If your allergies haven't told you already, it's springtime! Usually that means it's time for spring cleaning – but what does that mean for your home online? (Also known as your nonprofit's website because, let's be honest, you practically live there.) As your resident online cleaning specialist, I recommend checking for broken links and meta tags.
Broken links – just like ex-boyfriends/girlfriends, we all have them. They can happen for a variety of reasons – someone took down a page without telling anyone, you restructured your site which changed some URLs and you didn't catch all the links. The important thing is that you never want a user to land on a 404 error page, so you've got to periodically check for broken links. The problem with broken links is that they're hard to find, but no worries, there are some tools out there to help:
Once you're found the broken links, fix them! Set up a 301 redirect and point each one to the most relevant page that's still live or your website's homepage if there is no other alternative.
Meta Tag Audit
Another important aspect of search that people are often missing on some (or all) of their pages are meta tags. Meta tags (and the title tag, which isn't technically a meta tag) are important because they are what Google and other search engines will pull to use for your website's search listing – the little blurb that shows up on the search engine results page. That blurb is quite important – it's the first representation of your website on the internet for searchers – and if you don't have the proper tags in place, Google will pull its own info from your page's content. While it can be fine for Google to pull content from your page, it can also be bad – I've seen Google pull the first 160 characters from a legal disclaimer on the bottom of a page. So the best practice is to have all the proper tags in place.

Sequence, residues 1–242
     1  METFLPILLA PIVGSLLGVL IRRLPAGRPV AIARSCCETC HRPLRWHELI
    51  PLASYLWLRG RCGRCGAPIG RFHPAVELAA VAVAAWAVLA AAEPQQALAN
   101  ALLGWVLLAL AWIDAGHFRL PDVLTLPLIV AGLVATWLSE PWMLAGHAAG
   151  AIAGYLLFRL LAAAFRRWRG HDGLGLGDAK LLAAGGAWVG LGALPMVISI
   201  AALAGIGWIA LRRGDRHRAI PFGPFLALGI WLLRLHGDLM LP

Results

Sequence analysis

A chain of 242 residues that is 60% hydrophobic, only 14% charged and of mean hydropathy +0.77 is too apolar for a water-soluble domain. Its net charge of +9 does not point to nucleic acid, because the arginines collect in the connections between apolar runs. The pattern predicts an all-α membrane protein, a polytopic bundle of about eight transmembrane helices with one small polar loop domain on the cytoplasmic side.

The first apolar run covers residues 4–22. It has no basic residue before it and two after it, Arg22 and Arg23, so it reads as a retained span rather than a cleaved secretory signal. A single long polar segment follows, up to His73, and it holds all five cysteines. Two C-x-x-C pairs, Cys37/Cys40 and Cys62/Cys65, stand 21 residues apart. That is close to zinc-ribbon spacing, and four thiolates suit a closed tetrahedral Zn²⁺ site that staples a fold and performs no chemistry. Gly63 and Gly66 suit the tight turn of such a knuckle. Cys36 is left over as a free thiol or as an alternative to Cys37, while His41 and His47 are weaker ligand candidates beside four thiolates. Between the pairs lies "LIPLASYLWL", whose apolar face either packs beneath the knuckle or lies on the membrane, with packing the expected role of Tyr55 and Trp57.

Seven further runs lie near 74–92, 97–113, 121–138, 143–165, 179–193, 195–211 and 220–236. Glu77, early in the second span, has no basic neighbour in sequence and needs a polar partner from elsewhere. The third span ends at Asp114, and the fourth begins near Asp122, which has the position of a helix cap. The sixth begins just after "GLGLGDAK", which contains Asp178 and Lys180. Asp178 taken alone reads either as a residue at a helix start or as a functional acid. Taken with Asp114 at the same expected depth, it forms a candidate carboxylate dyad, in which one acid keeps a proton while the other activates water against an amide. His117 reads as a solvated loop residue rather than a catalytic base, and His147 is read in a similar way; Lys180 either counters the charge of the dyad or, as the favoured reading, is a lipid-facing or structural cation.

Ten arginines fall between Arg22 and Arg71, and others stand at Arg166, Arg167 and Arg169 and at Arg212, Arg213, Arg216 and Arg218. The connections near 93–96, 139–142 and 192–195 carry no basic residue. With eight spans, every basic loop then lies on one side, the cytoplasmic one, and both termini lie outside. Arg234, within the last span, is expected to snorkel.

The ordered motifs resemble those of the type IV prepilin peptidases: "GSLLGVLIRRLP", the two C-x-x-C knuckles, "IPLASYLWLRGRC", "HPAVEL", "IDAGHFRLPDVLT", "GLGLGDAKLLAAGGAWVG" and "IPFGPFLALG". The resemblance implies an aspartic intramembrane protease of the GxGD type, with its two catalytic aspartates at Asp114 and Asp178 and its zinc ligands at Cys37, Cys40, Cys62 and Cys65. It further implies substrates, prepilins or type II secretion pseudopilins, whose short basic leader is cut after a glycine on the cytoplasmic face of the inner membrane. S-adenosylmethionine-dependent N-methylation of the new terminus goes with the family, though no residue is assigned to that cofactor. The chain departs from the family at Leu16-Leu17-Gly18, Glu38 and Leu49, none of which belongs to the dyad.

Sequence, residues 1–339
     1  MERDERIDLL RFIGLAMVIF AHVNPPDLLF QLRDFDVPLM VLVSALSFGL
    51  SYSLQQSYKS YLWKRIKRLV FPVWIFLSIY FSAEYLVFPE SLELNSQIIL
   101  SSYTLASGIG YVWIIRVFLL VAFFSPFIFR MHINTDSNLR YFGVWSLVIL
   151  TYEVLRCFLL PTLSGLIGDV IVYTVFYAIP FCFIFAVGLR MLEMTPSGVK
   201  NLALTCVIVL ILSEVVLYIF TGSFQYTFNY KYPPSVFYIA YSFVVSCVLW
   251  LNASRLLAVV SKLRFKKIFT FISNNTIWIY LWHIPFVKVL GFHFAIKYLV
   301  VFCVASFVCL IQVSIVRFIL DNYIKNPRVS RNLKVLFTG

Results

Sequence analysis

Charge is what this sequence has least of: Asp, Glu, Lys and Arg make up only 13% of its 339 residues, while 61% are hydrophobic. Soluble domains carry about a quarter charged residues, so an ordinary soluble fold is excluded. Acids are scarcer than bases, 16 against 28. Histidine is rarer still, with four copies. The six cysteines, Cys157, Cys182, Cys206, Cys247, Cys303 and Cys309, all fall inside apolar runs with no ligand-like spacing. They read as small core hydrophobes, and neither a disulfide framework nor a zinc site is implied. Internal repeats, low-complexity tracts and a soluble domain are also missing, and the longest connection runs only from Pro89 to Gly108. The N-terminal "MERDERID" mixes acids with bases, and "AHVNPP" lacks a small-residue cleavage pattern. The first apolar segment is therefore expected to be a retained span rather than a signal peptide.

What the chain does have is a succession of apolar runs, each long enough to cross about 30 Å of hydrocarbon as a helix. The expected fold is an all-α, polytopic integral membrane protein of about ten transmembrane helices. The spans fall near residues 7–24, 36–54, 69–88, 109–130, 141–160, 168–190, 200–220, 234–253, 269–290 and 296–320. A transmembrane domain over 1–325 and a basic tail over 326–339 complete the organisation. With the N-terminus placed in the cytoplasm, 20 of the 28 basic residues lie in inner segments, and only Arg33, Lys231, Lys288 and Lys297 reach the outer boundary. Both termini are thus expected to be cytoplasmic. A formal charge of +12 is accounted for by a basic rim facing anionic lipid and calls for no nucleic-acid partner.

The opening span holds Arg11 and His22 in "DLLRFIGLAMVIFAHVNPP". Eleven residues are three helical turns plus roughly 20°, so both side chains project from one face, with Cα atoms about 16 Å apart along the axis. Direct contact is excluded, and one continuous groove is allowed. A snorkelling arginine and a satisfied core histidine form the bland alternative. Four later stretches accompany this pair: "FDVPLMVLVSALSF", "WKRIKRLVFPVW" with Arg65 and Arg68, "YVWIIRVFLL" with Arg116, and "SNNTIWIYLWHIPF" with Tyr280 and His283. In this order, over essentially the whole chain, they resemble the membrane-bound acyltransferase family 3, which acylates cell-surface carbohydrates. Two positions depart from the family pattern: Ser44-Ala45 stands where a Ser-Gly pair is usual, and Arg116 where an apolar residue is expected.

The important tags:
Unfortunately, I don't know any fancy tools to check all your page's meta tags (if anyone does, spread the love! Leave a comment below and enlighten us all). When I've done this in the past, I've set up a spreadsheet, picked my way through the site's XML Sitemap (which should have all the pages of your site), ticked off which pages have which tags, and updated as I went. Don't have an XML Sitemap? Add that to your spring cleaning to do list! Learn more about XML Sitemaps and other important aspects of your site.
The age-old problem of spring cleaning – carving out time to do it – is still an issue here. If you're like most nonprofits I know, time and resources are always tight. But just like at home, once you've cleaned things up a bit, you'll feel a lot better, knowing that (even for just this moment) your site has been cleaned up to tip-top shape.